A few years ago, I saw a custom built arbor that ran across the entire front of a house on one of 'those' shows.
I was immediately attached to the idea of having one like it.
The hubs wasn't so happy. Well, what did I expect, he'd be the one building it.
I must mention here that the hubs is a genius with his hands.
If I show him something in a book, mag or on tv, and the materials are cheap, he'll engineer it.
Or, at least a reasonable facsimile.
After the groaning about what a pain-in-the derriere this thing was going to be, he started drawing.
It was up in two days!
The problem was - it sat unpainted for two weeks because we couldn't decide on a color.
But, who wants a regular old white arbor? White is nice. Cottagey. Presents the vines and flowers well. Also, boring. Very, very boring.
We hemmed and hawed. Made suggestions to each other. Nahh-ed and maybe-ed each one.
Some we threw out immediately, some we mulled over for the entire two weeks. (dark evergreen green, anyone?)
We figured a trip to the little village hardware store was in order for a few more choices.
My youngest tagged along - I think she was 13 at the time.
She wandered down the paint aisle, pointed to a color chip and said, "That's the color you should paint it."
I was horrified. Florida Bay blue.
Bright, gaudy, in-your-face blue.
The hubs blinked at me and simply said, "Why not?"
I wanted to stamp my foot on the ancient wood floor and scream, "Because it's bright blue! We can't have that color screaming at people from the front of our house. What are you two thinking?"
The only thing I could think of was this house in my old neighborhood that had every strip of siding painted a different pastel color. We called it the 'rainbow house' and thought it was just the craziest, gaudiest thing ever. I didn't want my house being thought of like that!
It might look . . . trashy. (which is the thought I think most people's brains automatically jump to with color)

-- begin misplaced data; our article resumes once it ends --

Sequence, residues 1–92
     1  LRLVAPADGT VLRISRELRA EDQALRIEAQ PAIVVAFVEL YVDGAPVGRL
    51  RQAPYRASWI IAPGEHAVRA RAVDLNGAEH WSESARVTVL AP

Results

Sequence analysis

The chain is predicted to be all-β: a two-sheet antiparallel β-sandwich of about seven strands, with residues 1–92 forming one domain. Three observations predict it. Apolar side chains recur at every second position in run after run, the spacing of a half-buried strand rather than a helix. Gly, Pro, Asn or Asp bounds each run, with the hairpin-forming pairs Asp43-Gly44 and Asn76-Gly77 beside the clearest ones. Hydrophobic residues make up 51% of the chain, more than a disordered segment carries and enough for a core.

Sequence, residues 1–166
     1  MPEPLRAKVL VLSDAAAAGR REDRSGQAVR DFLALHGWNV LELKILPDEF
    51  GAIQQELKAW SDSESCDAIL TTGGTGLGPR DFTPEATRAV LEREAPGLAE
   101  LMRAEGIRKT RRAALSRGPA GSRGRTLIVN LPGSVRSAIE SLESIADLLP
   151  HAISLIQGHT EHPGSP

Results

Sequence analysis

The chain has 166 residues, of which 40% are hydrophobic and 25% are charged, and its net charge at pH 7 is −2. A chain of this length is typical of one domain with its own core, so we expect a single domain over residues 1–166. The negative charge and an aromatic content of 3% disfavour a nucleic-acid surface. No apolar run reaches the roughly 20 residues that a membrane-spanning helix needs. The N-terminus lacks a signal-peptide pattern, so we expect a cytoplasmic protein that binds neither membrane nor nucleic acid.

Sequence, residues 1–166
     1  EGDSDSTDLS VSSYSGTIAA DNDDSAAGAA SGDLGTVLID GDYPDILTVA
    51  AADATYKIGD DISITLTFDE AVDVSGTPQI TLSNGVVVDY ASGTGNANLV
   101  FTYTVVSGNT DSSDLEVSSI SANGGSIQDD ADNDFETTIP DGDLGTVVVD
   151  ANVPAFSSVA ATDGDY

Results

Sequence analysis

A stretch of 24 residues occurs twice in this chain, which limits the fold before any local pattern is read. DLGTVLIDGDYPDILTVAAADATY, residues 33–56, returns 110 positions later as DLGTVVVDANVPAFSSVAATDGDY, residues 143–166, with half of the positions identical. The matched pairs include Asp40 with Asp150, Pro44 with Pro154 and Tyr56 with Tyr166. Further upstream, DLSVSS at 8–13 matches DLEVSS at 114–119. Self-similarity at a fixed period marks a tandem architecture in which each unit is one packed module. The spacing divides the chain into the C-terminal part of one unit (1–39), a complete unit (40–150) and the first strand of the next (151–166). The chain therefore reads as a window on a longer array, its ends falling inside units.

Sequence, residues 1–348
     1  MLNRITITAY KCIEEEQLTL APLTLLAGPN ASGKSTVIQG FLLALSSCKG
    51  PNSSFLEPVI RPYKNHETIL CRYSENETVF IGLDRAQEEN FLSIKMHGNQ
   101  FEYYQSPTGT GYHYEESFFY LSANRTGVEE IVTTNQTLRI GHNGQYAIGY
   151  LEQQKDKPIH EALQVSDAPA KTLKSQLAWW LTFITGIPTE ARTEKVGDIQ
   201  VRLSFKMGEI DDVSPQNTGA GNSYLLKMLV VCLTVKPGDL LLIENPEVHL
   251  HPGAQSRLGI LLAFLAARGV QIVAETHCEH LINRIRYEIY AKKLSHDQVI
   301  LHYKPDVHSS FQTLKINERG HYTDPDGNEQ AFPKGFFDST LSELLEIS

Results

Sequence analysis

But, I'm not one to make a scene, you know. Not in public, anyway.
I stared at the chip, trying to envision what it might really look like against the white background of the house. Blue is my favorite color, after all. Maybe it wouldn't be too bad? It's not like it would be on the whole house or something. And we could always paint over it.
So, we painted it that shocking blue.
And we liked it!
Yes, we liked it a lot.
So did the neighbors.
All these years I've never been bold enough to paint my outdoor accessories the colors that I wanted. It was a real eye opener. Why is everyone so afraid of bold colors in the garden? They'll use shocking red, yellow, purple flowers, but everything else must blend into the background. Why? Why can't a pot or other garden accessory compliment other colors? Can you imagine a nice small splash of purple hidden among some hostas? Or a bit of sunny yellow nestled among some purple amaranth? A garden chair painted a soothing mint green situated in the shade garden inviting visitors to have a seat, relax and enjoy the scenery?
What's better than a beautiful splash of color, that isn't a flower, somewhere in the garden?
Start small, maybe a pot. (somewhere I saw a set of small buckets that someone had added feet to, painted pastel colors and used for flower pots. They were gorgeous!!)
Even a few small rocks placed here and there.
Be bold. Grab that paintbrush and try it. See how you feel about it.
Besides, you can always repaint.
I'm now mulling over painting our pond bench lavender. Adding a little color was one of the best decisions we ever made, so why not?
Happy (adding that splash of color) Growing!
Friday, February 12, 2010